recovery rut

How to Escape a Recovery Rut

Published on April 20, 2020 by First Responder Wellness

It’s not uncommon to find yourself stuck in a rut at some point in addiction recovery. This can happen at various times, and for various reasons, but one common sticking place is after about nine or 10 months of sobriety. At first, recovery is a lot of work, but you also see a lot of progress. When you enter treatment, you will probably feel like things might really change for you, even if that change is hard. You may continue to enjoy a lot of support after you leave and you will likely remain focused on staying sober for the first several months. 

 

However, at a certain point, progress slows down, sobriety isn’t quite as challenging as it used to be, and you may feel a bit bored with your recovery routine. This is often when people start feeling complacent. You may start cutting corners because you feel like you have this recovery thing under control. Maybe you stop going to meetings — or you go, but you don’t participate. Maybe you start skipping other things like exercise or getting enough sleep.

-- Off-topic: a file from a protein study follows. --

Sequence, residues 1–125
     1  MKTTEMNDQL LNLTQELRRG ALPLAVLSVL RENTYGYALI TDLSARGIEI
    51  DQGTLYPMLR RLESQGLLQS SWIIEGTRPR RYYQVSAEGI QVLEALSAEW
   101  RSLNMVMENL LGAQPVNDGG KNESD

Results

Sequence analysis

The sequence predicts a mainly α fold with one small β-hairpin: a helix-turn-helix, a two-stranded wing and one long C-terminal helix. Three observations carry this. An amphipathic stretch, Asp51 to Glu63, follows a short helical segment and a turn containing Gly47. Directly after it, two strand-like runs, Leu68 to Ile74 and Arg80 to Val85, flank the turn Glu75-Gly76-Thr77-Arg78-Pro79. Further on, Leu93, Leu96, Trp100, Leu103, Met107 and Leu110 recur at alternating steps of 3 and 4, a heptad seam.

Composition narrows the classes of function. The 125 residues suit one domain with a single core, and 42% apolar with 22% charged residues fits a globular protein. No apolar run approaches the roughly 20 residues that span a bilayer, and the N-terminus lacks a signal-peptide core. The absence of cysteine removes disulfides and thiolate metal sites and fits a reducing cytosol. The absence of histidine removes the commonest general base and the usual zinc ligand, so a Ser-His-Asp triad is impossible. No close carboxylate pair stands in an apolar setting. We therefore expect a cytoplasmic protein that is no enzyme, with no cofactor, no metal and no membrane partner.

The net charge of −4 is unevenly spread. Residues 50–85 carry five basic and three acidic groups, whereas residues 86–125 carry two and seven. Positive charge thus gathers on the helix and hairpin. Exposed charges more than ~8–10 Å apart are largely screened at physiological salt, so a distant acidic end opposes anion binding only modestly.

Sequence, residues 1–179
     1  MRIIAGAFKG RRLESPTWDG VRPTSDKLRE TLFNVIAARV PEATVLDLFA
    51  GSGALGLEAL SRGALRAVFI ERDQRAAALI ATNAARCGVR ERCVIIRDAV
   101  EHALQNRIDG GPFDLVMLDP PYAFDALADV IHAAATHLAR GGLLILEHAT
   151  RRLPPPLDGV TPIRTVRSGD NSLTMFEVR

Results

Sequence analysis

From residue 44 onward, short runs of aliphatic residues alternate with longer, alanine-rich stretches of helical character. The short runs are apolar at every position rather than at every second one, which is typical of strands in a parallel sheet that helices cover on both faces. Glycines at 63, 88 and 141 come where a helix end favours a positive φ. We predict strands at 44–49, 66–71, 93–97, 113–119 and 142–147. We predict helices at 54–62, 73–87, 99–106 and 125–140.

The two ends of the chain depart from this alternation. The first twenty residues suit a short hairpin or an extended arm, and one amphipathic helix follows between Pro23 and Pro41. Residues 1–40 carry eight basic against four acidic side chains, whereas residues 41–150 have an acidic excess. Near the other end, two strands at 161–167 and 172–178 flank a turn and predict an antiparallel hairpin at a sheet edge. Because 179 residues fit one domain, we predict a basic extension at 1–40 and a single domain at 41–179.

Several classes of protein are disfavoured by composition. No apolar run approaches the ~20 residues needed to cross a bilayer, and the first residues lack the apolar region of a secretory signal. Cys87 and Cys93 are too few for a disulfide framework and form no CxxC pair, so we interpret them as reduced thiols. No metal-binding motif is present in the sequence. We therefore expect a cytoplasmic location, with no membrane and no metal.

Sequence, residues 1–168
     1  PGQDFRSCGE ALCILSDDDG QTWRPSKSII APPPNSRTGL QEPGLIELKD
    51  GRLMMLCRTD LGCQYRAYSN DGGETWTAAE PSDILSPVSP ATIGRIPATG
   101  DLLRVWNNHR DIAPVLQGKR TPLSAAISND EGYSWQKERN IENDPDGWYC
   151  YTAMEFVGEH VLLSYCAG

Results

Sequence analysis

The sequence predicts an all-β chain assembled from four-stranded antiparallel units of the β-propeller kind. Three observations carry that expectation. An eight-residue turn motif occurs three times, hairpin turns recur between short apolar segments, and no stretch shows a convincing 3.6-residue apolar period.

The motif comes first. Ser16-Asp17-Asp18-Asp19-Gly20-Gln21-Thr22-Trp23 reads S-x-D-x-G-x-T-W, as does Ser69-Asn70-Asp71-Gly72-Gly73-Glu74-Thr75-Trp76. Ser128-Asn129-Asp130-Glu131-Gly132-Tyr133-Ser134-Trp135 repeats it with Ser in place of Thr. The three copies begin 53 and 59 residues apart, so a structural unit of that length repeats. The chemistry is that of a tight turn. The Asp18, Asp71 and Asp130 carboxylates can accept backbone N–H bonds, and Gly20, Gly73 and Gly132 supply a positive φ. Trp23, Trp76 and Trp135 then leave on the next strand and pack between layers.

Eventually, this will catch up to you. Your mood will suffer, you’ll start thinking about the good times you had when you were drinking or using drugs, while forgetting about the bad times, and before you know it, your recovery is in serious danger. If you feel like you’re stuck in a recovery rut, here are some tips to get back on track.

 

Reach Out

One of the normal reflexes, when you start to feel your mental state take a turn for the worse, is to isolate yourself. Unfortunately, this is the last thing you should do. Instead, when you’re feeling unmotivated, negative, doubtful, or restless, reach out to someone you trust. It could be a friend, relative, sponsor, therapist, or 12-Step group. In fact, one of the first signs of emotional relapse (which is the first step toward full relapse) is to stop going to meetings or to stop sharing at meetings. Talking about your difficulties with recovery — including boredom and doubt — is what meetings are for, so lean into it. 

 

Part of the reason social support is so important for recovery is that motivation goes up and down. When it’s down, having positive people around you can help keep you going in the right direction. Make use of your support system. Pushing people away will only make you feel worse.